The smell of nail polish carries throughout the living room and out the windows of a small mobile home in St. David, Arizona. Inside the house a man sits, engulfed by a large La-Z-Boy chair draped with a white and yellow afghan. Slowly, he dips the tip of a brush into an ebony jar of nail polish and removes it, revealing a concoction of cyan. With a steady hand, he pushes down, creating a splotch.
Although Zachary Billings is one of many artists living in southeast, Arizona, his artistic abilities stem from a different part of his life.
“I have an autistic upbringing,” said Billings. “I started out with symbols – my understanding of the world around me and the universe was pretty much a symbolic interpretation – I even associated language from symbols,” said Billings.
Abstract compositions of his own creation hang along the walls behind him, spewing bright hues of scarlet and gold.
“It [my artwork], was free flow. There was nothing I was really thinking about when I was doing it. Like all the work that you see, I had nothing premeditated,” said Billings.
Billings discovered his passion for art in 1980 when he began experimenting with simple brushes and black ink.
“I started out using a brush and Indian ink just to see what I could do, because I didn’t know if I had any artistic abilities,” said Billings.
It wasn’t until six months after getting out of the Army, where he worked as a counselor for the 7th Medical Battalion, in Fort Ord, California, that he started using color in his pieces. Eventually, Billings made his way no
rth to the state of Washington, where he also had his work shown.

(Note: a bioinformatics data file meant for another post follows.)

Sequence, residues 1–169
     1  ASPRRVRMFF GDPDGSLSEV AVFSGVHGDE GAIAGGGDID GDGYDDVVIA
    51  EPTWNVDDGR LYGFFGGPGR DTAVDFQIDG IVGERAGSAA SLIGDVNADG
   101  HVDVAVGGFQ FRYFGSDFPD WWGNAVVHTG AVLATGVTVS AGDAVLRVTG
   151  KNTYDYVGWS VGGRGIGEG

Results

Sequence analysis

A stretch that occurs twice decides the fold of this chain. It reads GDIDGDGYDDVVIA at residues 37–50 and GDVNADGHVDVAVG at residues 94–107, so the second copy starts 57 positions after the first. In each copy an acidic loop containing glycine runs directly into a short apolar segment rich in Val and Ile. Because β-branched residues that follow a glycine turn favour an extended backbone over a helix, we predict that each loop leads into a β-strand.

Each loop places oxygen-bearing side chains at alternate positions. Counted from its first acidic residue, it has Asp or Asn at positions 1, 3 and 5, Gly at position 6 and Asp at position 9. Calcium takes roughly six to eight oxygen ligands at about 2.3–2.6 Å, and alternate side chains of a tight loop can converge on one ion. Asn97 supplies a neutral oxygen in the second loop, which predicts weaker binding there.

Despite having his art shown along the West Coast; pieces displayed in the Endeavor Gallery, in Benson, Arizona, and other various locations throughout the town, Billings still feels like he is struggling to become the artist he dreams of being.
“I’ve had at least a dozen showings up and down the coast, and I’d have all my contact info – email address, phone number, everything and I’ve never had any feedback from the public, so I don’t know how my artwork effected anybody,” said Billings.
Billings believes his individuality and desire to be original is the reason why people don’t understand his work.
“I wanted to be so original that nobody understood me, and as time developed and to this day, nobody really understands my art. It is from an autistic mind and viewpoint,” said Billings.
According to Billings, art is a means of keeping his mind grounded to the world around him, as well as to feed his active imagination.
“As long as I’m in my art and doing my art, I’m always being stimulated, and it helps me stay down-to-Earth. I need to stay down-to-Earth, because if I veer more into my autistic world, I’ll get unfocused and preoccupied and start dwelling, so it’s important to get grounded,” said Billings.
Ultimately, Billings says his dream is to be discovered and to have a professional gallery showing in either Sierra Vista, Tombstone, Bisbee or Tucson.
More than anything, Billings wants people to see his work for what it is: his own deeply original pieces of art.
“I’d like a face with my name and a name with my face – so when people see Zachary Billings they’ll say, oh he’s an artist.”
If you would like to contact Billings about his artwork he can be reached by email at email@example.com
Click here for high resolution photos and a Word version of the story.
This article was a collaborative piece by Nick Smallwood and Deanna Sherman – reporters for Arizona Sonora News, a service from the School of Journalism with the University of Arizona. You can contact either firstname.lastname@example.org or email@example.com